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Preeclampsia (PE) is a hypertensive complication of pregnancy that affects 2-8% of women worldwide and is one of the leading causes of maternal deaths and premature birth. PE can occur early in pregnancy (<34 weeks gestation) or late in pregnancy (>34 weeks gestation). Whilst the placenta is clearly implicated in early onset PE (EOPE), late onset PE (LOPE) is less clear with some believing the disease is entirely maternal whilst others believe that there is an interplay between maternal systems and the placenta. In both types of PE, the syncytiotrophoblast (STB), the layer of the placenta in direct contact with maternal blood, is stressed. In EOPE, the STB is oxidatively stressed in early pregnancy (leading to PE later in gestation- the two-stage model) whilst in LOPE the STB is stressed because of villous overcrowding and senescence later in pregnancy. It is this stress that perturbs maternal systems leading to the clinical manifestations of PE. Whilst some of the molecular species driving this stress have been identified, none completely explain the multisystem nature of PE. Syncytiotrophoblast membrane vesicles (STB-EVs) are a potential contributor to this multisystem disorder. STB-EVs are released into the maternal circulation in increasing amounts with advancing gestational age, and this release is further exacerbated with stress. There are good in vitro evidence that STB-EVs are taken up by macrophages and liver cells with additional evidence supporting endothelial cell uptake. STB-EV targeting remains in the early stages of discovery. In this review, we highlight the role of STB-EVs in PE. In relation to current research, we discuss different protocols for ex vivo isolation of STB-EVs, as well as specific issues involving tissue preparation, isolation (some of which may be unique to STB-EVs), and methods for their analysis. We suggest potential solutions for these challenges.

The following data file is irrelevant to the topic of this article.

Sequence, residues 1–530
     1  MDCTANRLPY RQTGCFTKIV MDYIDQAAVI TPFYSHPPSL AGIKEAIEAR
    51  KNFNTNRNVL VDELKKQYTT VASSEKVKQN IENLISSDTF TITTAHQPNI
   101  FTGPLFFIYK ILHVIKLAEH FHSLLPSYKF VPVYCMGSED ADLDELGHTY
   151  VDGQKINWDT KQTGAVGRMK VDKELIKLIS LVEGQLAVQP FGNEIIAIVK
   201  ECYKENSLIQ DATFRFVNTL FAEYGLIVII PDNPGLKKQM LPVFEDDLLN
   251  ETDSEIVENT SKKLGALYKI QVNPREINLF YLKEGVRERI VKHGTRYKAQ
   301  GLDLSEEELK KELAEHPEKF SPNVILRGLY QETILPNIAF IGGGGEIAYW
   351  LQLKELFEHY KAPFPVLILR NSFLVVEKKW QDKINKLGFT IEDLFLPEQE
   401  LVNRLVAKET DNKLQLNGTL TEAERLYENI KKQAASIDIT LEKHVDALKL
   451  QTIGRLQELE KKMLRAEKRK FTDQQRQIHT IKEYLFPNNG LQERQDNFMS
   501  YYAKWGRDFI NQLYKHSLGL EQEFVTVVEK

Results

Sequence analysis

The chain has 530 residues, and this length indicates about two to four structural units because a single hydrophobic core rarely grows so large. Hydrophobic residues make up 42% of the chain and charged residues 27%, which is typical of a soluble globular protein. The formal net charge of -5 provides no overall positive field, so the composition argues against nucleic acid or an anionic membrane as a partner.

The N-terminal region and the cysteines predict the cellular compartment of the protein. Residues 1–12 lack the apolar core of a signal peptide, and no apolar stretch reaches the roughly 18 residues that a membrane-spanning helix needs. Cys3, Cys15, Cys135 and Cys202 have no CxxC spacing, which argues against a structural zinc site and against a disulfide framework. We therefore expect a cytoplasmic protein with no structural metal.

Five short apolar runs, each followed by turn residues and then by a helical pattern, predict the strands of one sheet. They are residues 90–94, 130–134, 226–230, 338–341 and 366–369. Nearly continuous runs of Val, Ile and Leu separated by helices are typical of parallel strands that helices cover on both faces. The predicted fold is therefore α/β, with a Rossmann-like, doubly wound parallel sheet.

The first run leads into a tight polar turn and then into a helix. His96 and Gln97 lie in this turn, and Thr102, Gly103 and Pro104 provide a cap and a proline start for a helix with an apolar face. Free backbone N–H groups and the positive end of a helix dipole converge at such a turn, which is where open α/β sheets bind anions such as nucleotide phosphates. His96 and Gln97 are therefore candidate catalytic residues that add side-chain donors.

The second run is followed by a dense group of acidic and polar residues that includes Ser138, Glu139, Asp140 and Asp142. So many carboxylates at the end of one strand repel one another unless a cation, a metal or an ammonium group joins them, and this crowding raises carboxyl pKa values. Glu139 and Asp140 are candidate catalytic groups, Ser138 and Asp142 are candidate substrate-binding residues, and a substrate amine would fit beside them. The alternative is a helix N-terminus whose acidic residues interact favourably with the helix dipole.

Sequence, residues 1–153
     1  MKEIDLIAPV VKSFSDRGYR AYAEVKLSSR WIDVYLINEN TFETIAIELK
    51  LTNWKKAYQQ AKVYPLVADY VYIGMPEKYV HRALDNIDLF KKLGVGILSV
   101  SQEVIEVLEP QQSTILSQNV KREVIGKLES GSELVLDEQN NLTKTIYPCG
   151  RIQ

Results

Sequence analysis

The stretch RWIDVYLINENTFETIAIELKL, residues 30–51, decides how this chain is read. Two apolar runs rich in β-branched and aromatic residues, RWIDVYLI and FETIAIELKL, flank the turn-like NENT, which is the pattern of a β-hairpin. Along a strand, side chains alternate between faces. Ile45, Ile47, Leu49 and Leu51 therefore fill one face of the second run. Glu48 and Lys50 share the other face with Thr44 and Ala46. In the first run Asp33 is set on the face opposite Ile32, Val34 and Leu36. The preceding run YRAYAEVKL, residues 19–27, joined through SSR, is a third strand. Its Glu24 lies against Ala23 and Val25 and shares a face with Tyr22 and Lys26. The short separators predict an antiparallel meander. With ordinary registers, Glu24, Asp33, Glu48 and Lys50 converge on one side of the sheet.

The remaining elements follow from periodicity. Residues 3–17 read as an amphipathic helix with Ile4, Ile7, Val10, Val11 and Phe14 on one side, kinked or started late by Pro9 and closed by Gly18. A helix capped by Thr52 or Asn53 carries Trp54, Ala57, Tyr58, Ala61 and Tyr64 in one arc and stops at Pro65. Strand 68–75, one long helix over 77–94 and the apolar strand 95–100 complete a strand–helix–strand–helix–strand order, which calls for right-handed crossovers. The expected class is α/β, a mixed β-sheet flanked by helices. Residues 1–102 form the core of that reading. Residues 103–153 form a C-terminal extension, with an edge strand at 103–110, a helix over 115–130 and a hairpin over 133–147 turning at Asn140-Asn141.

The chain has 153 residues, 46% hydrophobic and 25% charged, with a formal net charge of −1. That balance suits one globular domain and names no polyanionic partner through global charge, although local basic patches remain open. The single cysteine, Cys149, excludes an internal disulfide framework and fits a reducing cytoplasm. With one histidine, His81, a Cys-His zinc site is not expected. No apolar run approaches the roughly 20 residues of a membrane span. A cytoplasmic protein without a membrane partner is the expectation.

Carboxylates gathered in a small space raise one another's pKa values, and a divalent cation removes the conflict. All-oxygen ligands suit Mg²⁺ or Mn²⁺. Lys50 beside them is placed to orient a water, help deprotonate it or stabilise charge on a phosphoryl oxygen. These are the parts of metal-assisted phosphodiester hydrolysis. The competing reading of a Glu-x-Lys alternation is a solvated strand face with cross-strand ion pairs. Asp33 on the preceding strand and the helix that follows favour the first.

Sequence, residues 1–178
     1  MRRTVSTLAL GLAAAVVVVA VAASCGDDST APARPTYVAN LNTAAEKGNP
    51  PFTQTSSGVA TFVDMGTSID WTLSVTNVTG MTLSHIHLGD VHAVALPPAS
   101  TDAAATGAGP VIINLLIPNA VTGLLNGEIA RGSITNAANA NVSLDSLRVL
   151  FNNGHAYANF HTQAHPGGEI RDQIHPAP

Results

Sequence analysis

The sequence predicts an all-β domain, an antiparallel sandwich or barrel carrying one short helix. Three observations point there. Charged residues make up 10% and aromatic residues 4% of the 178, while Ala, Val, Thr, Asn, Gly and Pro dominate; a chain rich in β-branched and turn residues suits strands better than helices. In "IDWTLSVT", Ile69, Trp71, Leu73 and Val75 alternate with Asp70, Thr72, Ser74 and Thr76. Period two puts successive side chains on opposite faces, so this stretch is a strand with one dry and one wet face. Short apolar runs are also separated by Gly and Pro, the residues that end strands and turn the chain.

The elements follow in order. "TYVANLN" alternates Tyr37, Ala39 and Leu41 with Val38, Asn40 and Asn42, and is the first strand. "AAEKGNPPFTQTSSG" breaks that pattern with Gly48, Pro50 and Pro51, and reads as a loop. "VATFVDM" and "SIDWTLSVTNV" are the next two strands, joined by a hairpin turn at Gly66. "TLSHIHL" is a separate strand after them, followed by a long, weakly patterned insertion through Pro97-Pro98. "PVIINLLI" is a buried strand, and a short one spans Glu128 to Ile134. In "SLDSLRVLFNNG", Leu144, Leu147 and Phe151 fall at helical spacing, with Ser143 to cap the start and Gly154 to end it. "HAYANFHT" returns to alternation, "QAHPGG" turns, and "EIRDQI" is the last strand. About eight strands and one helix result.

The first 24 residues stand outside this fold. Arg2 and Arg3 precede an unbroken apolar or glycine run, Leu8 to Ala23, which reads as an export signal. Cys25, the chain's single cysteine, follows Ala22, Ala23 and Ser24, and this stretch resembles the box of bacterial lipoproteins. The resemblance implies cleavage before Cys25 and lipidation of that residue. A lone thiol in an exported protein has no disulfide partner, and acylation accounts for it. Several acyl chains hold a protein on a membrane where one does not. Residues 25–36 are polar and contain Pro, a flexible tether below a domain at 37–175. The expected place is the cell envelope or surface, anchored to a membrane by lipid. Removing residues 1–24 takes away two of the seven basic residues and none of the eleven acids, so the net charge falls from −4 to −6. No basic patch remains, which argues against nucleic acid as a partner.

Original publication




Journal article


Clinical science (London, England : 1979)

Publication Date





1793 - 1807